Six Tunisian police chiefs have been fired following last week’s attack on the famous Bardo Museum, PM Habib Essid has announced.
PM Habib Essid had noted several security deficiencies during a visit to the museum, his office said.
The Islamic State (ISIS) said it carried out the attack on Bardo museum in the capital, Tunis, killing 23 people, mostly European tourists.
Two of the gunmen were killed by the security forces, while a third was on the run, Tunisian President Beji Caid Essebsi said.
“There were certainly three attackers… there is one who is on the run, he won’t get far,” President Beji Caid Essebsi said on March 22.
The attack was the deadliest in Tunisia since the uprising which led to the overthrow of long-serving ruler Zine al-Abidine Ben Ali in 2011.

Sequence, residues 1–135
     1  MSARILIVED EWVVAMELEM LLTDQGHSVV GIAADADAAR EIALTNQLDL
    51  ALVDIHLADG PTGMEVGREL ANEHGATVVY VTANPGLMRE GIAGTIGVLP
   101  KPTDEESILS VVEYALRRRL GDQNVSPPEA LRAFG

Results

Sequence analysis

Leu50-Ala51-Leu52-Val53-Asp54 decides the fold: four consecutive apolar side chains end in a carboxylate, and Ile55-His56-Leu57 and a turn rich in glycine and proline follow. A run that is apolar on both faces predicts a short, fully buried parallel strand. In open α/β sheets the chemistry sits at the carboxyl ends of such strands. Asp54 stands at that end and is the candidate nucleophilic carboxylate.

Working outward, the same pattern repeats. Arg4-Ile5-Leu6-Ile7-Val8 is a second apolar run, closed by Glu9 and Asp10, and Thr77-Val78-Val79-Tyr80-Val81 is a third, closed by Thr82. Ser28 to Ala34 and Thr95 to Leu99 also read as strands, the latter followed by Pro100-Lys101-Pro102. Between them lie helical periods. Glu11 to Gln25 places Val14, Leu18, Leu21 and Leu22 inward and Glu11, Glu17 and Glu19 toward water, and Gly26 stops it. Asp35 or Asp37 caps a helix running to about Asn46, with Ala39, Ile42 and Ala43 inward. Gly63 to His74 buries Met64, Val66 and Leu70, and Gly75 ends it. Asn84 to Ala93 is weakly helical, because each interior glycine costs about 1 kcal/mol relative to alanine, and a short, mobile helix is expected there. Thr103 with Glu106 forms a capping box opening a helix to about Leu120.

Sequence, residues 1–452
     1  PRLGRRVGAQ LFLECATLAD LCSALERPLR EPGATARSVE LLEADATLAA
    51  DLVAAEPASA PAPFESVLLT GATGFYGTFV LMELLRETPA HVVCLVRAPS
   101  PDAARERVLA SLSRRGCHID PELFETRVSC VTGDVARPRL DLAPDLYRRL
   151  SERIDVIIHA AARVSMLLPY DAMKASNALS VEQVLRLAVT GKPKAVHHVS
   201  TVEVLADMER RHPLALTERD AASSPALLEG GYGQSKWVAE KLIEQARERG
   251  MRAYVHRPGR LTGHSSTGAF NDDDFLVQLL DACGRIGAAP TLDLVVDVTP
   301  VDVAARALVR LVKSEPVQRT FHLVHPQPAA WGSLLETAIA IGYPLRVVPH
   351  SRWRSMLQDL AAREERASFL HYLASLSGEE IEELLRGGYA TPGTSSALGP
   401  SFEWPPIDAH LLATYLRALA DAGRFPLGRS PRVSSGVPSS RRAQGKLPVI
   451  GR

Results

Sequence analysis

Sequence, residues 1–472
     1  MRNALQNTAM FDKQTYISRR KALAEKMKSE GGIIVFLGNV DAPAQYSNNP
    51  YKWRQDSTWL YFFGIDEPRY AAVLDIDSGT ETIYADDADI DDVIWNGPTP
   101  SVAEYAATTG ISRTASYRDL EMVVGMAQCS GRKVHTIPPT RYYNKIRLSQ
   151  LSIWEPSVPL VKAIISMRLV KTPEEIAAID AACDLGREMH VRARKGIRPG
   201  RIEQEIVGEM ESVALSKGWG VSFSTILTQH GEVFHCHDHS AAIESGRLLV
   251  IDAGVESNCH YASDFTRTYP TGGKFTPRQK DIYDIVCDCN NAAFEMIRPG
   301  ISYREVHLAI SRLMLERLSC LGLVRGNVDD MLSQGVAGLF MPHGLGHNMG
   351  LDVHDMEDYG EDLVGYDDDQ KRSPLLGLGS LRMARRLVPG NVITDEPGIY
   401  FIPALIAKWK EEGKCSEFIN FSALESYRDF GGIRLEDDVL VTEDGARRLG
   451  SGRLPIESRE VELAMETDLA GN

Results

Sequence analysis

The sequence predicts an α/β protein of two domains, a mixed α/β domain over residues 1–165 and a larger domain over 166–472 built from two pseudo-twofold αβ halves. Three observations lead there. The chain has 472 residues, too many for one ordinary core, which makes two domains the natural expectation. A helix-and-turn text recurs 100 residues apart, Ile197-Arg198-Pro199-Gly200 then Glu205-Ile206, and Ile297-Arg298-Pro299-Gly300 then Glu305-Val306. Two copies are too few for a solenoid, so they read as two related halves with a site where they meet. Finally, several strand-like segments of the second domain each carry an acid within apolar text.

The police chiefs of Tunis and the museum were among those dismissed, Habib Essid’s spokesman Mofdi Mssedi told AFP news agency.
Habib Essebsi said in an interview with French media that a monument would be erected in memory of the victims.
The gunmen are said to have been trained in Libya in an area controlled by ISIS militants.
The two gunmen seen in the video were named as Yassine Laabidi and Hatem Khachnaoui. They were both killed in a gunfight with security forces inside the building.
In an earlier interview with Paris Match, Habib Essebsi said that “shortcomings” in Tunisia’s security system meant “the police and intelligence services had not been through enough in protecting the museum”.
However, Habib Essebsi added that the security services “reacted very efficiently” to the attack and had helped save dozens of lives.
Twenty foreigners were among those killed in the attack, including British, Japanese, French, Italian and Colombian tourists.
Following the attack, large numbers of Tunisians gathered outside the museum to protest against terrorism.
Tunisia has seen an upsurge in Islamist extremism since the 2011 revolution – the event that sparked the Arab Spring.